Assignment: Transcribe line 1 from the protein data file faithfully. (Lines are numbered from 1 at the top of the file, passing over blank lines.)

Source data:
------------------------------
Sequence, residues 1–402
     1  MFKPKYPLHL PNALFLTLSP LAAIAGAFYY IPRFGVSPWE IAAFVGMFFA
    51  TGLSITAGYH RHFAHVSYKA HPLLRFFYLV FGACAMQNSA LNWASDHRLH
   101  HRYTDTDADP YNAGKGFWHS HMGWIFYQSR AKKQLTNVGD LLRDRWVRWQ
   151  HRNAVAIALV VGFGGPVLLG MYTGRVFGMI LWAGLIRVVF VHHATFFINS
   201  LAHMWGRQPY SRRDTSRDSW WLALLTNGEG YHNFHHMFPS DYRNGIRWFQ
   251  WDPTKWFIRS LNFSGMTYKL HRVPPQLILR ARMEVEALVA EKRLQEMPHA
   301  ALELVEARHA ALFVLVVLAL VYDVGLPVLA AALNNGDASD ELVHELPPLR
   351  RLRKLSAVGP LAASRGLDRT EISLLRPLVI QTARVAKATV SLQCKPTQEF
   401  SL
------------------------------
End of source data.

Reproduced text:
Sequence, residues 1–402